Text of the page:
From the web site: (rc) A Brief History of the Japanese Garden
The City of Buffalo, New York, is home to many American artistic and architectural treasures including: the Darwin Martin House designed by Frank Lloyd Wright, the Guaranty Office Building designed by Louis Sullivan, the Buffalo Psychiatric Center by H.H. Richardson and Albright-Knox Art Gallery, one of the leading modern art gallery in the nation. In Buffalo, visitors will also find the first park system in America, originally designed Frendrick Law Olmsted in 1870, whose other works include New York's Central Park, Boston Emerald Necklace Parks, Yosemite National Park, San Francisco's Parks System and the Niagara Reservation.
The main park in Buffalo's historic Olmsted Parks System is Delaware Park, the focal point of the 1901 Pan American Exposition. Today, Delaware Park serves as Buffalo's primary place for citywide recreation and leisure. Both the Albright-Knox Art Gallery and the Buffalo and Erie County Historical Society building are in this park. Delaware Park is an archetypal representation of America's Victorian and industrial era of the late 19th century.
The Japanese Garden has become a part of the landscape at the west end of Delaware Park. The design of the garden was conceived in 1970; construction started in 1971 and it was completed in 1974. It originally represented a gesture of friendship between two sister cities, Buffalo and Kanazawa, Japan. Located on six acres along Delaware Park's Mirror Lake, it began with over 1,000 plantings, some lighting, and three small islands connected to the mainland by bridges. It is maintained by the City's Parks Department.
Buffalo's artistic and architectural monuments, like Delaware Park, were constructed during the city's wealthy industrial period. As the main financial, transportation and manufacturing center of America's industrial heartland, Buffalo was able to attract this nation's greatest artists, designers, planners and architects to construct prototypical works of the period. Today, the city faces grave economic circumstances. Buffalo's urban core has decayed over the last decades. Many infrastructure necessities have been ruined or neglected, including the city's great parks system and the Japanese Garden.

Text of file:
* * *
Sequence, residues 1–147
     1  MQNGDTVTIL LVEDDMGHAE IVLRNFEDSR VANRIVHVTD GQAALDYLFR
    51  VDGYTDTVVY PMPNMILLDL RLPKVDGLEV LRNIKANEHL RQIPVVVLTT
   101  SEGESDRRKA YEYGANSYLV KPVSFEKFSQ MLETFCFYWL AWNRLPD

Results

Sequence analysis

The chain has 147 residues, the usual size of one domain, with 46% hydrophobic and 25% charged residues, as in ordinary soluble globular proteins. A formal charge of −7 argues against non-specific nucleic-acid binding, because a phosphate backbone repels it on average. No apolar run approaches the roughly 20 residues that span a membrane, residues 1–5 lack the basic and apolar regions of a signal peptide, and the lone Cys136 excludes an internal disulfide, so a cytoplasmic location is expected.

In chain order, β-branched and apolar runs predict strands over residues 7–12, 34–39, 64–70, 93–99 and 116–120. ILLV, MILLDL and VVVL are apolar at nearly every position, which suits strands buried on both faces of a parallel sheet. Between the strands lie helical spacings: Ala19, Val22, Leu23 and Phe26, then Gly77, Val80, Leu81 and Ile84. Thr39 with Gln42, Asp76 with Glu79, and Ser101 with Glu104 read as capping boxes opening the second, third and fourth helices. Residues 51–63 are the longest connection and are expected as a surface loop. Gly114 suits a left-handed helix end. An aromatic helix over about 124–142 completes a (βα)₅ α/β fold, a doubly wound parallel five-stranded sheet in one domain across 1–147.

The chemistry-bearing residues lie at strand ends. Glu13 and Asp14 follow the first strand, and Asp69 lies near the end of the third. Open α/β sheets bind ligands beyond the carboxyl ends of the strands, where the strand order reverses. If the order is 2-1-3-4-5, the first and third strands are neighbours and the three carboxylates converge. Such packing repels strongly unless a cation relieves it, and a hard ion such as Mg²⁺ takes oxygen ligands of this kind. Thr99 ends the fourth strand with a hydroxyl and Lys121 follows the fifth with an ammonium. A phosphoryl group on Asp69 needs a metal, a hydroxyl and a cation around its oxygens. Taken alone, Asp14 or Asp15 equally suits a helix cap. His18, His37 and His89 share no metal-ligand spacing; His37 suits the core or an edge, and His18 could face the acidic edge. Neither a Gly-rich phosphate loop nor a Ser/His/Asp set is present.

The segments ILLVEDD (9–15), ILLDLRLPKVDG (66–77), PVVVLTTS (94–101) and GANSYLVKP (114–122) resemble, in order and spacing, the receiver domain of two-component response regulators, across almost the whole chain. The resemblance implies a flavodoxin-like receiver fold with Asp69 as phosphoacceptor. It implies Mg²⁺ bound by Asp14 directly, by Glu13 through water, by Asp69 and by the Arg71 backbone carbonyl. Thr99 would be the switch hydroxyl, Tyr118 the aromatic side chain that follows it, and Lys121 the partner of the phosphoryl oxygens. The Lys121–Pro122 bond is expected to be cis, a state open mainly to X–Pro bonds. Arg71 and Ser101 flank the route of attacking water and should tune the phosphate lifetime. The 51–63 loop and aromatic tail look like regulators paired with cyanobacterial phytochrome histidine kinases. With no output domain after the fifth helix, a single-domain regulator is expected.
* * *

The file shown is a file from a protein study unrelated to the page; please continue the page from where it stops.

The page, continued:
The City of Buffalo, in partnership with the Japanese Group of Buffalo, the Buffalo-Kanazawa Sister City Committee and Buffalo Olmsted Parks Conservancy, is undertaking a redevelopment of its Japanese Garden to both renovate the existing Garden and enhance it, as a part of the "Adopt-A-Park" program. The program was initiated by the Buffalo Olmsted Parks Conservancy in 1995 and the City of Buffalo Parks Department to encourage people to make a commitment to a nearby park or playground, or one of our historic park areas, and help keep it clean and green.
The major features of the Japanese Garden Restoration Project include: a stabilization of the existing islands with new stone and replanting, a replacement of the islands with new stone and replanting, a replacement of the ornamental bridge, a restoration of the paths, a clearing of overgrown vegetation of the upper slopes, a trimming of the existing trees and shrubs, an introduction of a stone garden, a new karesansui waterfall, a replanting of a major stand of Japanese cherry trees, new stone benches, and extensive plantings of trees and shrubs and more.
The project has started on July 1995, the design of the Garden has accomplished cooperatively with the Japanese Garden experts at the City of Kanazawa, Japan. Construction begun in the middle of April 1996 and have complected the end of June 1996. The total cost of the beautification project of the Garden is $265,000, of which $96,000 is funded by the Commemorative Association for the Japan World Exposition (1970), Japan, as Japan World Exposition Co
A Pair of Stones
Two chunks of gray-green stone,
their shapes grotesque and unsightly,
wholly unfit for practical uses --
ordinary people despise them, leave them untouched.
Formed in the time of primal chaos,
they took their place at the mouth of Lake Taihu,
ten thousand ages resting by the lakeshore,
in one morning coming into my hands!
Pole-bearers have brought them to my prefectural office
where I wash and scrub away mud and stains.
The hollows are black, deeply scarred in mist,
crevices green with the rich hue of moss.
Aged dragons coiled to form their feet,
old swords stuck in for the crown,
I suddenly wonder if they didn't plummet from Heaven,
so different from anything in this human realm!
One will do to prop up my lute,
one to be a reservoir for my wine.
The tip of one shoots up several yards,
the other has a hollow, will hold a gallon of liquid!
My five-stringed instrument leaning on the left one,
my single wine cup set on the right,
I'll dip from the hollowed cask and it will never go dry,
though drunkenness long since has toppled me over.
Every person has something he loves,
and things all yearn for a companion.
More and more I fear that gatherings of the young
no longer will welcome a white-haired gentleman.
I turn my head, ask this pair of stones
if they'd consent to keep an old man company.
And though the stones are powerless to speak,
they agree that we three should be friends.